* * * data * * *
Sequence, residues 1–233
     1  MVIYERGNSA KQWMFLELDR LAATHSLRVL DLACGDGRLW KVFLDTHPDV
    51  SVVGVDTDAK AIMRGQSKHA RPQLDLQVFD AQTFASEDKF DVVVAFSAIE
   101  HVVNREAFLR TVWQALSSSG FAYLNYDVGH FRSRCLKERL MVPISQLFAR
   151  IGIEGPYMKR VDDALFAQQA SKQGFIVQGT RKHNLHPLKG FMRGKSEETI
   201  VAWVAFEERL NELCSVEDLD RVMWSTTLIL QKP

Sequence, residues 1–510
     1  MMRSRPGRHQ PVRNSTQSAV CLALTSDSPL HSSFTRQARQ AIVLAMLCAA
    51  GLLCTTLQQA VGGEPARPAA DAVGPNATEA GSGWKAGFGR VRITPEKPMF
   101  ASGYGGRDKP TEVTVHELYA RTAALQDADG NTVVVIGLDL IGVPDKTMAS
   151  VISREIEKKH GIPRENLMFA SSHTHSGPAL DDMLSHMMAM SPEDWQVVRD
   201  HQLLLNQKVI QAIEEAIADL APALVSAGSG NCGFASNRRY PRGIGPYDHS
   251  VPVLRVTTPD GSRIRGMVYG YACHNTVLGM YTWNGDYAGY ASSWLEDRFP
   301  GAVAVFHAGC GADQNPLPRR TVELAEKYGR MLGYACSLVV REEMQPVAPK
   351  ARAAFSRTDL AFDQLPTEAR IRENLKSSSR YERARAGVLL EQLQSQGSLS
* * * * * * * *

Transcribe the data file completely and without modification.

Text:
Sequence, residues 1–233
     1  MVIYERGNSA KQWMFLELDR LAATHSLRVL DLACGDGRLW KVFLDTHPDV
    51  SVVGVDTDAK AIMRGQSKHA RPQLDLQVFD AQTFASEDKF DVVVAFSAIE
   101  HVVNREAFLR TVWQALSSSG FAYLNYDVGH FRSRCLKERL MVPISQLFAR
   151  IGIEGPYMKR VDDALFAQQA SKQGFIVQGT RKHNLHPLKG FMRGKSEETI
   201  VAWVAFEERL NELCSVEDLD RVMWSTTLIL QKP

Sequence, residues 1–510
     1  MMRSRPGRHQ PVRNSTQSAV CLALTSDSPL HSSFTRQARQ AIVLAMLCAA
    51  GLLCTTLQQA VGGEPARPAA DAVGPNATEA GSGWKAGFGR VRITPEKPMF
   101  ASGYGGRDKP TEVTVHELYA RTAALQDADG NTVVVIGLDL IGVPDKTMAS
   151  VISREIEKKH GIPRENLMFA SSHTHSGPAL DDMLSHMMAM SPEDWQVVRD
   201  HQLLLNQKVI QAIEEAIADL APALVSAGSG NCGFASNRRY PRGIGPYDHS
   251  VPVLRVTTPD GSRIRGMVYG YACHNTVLGM YTWNGDYAGY ASSWLEDRFP
   301  GAVAVFHAGC GADQNPLPRR TVELAEKYGR MLGYACSLVV REEMQPVAPK
   351  ARAAFSRTDL AFDQLPTEAR IRENLKSSSR YERARAGVLL EQLQSQGSLS